The war in Syria is already complex and the intervention of the regional and international powers made it even more complicated. The outcome of the war is unknown. Many countries have a word to say about Syria and an opinion to give and a decision to make, but unfortunately, not the Syrians themselves. A couple of years ago, mentioning that Assad will remain in power was not acceptable. He is a war criminal and he should end up in The Hague. Over time, the international community showed that they won’t mind sitting at the table with a war criminal as long as he will serve their interests by maintaining stability and keeping refugees away.
Today, the last day of the Symposium, we presented, in the presence of the Dutch Ambassador to Bosnia and Herzegovina, our vision on how the transition road map for Syria should be. In our plan we had to take in account all the challenges, and the biggest challenge in my opinion is that all indications are that the Assad will stay in power. We covered all area that should be addressed during a transition including: security, governance, justice and reconciliation. There is little that we can do in each of this domains without a political transition.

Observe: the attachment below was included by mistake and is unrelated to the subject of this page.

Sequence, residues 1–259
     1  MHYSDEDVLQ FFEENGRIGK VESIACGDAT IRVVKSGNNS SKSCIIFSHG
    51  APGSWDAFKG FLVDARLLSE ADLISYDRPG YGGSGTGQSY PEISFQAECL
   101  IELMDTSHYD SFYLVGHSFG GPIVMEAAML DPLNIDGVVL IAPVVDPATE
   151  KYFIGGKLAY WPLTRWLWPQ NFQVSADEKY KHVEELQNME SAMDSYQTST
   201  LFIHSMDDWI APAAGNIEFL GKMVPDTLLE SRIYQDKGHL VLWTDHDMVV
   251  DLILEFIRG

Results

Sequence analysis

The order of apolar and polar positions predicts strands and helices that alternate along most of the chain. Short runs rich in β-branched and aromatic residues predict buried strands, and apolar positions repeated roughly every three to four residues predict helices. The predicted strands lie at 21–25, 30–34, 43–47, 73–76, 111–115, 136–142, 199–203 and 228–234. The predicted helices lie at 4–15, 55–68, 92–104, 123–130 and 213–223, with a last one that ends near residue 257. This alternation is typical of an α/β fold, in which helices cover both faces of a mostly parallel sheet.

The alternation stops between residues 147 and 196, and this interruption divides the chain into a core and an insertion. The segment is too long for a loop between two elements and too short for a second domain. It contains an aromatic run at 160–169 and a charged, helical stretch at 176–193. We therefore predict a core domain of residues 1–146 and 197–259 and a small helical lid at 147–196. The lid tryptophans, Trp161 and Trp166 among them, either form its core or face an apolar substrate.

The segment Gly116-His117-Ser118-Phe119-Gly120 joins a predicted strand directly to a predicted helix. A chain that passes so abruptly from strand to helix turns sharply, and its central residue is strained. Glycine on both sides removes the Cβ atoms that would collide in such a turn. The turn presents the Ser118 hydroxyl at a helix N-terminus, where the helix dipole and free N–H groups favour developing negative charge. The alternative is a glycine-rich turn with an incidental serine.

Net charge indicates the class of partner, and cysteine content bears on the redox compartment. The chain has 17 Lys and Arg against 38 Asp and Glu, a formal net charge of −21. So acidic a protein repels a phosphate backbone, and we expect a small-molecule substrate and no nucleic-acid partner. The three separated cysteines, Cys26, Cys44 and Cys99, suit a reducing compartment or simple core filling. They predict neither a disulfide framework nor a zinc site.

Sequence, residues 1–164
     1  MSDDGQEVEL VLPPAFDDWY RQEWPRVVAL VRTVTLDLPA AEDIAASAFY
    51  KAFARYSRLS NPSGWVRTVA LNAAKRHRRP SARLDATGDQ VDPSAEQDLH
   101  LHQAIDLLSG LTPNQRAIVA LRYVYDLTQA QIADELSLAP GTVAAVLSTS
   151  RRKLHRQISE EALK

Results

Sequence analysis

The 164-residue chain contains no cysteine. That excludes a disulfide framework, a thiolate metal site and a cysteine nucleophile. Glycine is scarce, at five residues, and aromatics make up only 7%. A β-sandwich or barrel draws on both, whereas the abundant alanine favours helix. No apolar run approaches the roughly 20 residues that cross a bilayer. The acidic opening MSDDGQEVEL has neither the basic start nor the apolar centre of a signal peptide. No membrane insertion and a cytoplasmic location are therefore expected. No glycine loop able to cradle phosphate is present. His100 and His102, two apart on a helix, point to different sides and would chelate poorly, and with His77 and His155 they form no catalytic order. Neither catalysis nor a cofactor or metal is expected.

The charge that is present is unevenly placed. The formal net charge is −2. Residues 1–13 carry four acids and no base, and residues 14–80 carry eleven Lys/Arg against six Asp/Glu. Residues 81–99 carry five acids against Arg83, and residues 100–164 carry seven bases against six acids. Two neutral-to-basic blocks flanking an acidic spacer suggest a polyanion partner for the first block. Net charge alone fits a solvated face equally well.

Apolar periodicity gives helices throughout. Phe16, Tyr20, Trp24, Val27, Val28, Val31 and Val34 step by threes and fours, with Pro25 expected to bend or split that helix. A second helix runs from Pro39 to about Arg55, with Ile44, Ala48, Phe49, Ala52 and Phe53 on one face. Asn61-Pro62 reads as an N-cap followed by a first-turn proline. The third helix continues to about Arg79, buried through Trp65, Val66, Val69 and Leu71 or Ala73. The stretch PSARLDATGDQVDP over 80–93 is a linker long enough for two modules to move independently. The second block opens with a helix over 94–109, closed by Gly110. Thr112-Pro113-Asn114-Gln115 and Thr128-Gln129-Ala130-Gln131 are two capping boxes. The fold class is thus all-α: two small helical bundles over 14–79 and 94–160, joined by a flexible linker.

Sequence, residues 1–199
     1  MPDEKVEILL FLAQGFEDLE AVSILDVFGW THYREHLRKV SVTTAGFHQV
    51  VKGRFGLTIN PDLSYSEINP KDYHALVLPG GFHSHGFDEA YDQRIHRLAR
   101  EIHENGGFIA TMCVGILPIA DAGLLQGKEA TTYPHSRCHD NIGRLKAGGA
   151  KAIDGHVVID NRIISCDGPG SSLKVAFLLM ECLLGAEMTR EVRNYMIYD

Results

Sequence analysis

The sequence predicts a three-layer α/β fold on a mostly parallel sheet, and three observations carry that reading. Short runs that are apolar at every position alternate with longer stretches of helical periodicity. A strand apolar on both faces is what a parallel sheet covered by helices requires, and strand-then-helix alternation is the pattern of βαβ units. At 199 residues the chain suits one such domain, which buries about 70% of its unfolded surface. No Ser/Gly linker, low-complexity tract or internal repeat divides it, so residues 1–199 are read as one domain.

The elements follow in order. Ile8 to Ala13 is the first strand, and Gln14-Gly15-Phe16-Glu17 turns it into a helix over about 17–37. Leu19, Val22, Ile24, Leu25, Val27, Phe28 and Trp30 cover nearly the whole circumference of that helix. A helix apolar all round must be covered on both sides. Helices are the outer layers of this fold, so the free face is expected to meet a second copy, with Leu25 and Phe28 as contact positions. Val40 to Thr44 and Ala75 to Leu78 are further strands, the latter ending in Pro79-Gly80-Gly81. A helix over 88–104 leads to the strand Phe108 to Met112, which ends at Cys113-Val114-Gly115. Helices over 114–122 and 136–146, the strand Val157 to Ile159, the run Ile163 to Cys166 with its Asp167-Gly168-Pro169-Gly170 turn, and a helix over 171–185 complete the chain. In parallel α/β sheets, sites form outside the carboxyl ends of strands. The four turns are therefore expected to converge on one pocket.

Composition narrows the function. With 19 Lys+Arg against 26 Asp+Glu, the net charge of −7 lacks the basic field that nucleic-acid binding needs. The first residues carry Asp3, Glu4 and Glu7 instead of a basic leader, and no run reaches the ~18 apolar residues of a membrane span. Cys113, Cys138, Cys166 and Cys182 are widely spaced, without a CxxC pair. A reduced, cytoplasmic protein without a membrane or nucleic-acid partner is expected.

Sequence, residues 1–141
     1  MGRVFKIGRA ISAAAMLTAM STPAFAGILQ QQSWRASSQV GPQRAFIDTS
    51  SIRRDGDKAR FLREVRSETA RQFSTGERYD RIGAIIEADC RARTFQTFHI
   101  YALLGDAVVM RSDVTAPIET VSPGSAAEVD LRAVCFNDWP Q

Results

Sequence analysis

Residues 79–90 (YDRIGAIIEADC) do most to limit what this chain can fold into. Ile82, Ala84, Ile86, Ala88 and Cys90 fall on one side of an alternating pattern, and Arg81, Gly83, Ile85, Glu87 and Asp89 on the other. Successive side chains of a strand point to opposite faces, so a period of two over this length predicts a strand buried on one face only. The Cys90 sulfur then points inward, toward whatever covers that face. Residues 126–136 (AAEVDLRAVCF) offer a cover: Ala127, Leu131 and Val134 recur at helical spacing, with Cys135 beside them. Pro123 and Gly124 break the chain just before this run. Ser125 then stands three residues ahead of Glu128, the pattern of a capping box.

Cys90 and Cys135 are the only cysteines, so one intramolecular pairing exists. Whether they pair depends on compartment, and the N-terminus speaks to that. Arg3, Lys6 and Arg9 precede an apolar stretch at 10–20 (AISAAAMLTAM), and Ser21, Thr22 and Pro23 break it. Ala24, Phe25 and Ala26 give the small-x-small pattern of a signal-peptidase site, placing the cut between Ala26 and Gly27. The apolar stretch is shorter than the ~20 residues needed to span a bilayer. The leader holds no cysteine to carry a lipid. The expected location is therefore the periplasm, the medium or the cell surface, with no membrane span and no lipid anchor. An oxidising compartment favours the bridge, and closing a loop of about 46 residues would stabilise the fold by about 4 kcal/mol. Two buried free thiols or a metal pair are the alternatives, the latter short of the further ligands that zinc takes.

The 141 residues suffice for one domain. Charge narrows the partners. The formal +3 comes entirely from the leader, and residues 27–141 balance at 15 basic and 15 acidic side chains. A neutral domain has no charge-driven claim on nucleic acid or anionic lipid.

Mr. Ambassador was pleased with our realistic approach, but I was not. As a Syrian this is not the transition that I am looking for, and I am sure that such plan without proper reconciliation will not lead to sustainable peace. And we can cannot expect a proper reconciliation without a political transition. The question is: will we see a political change in Syria anytime soon or we can rephrase the question to, “Will Russia allow a political change anytime soon?” If not, will we be able to prevent revenge or work on resilience without achieving accountability and justice?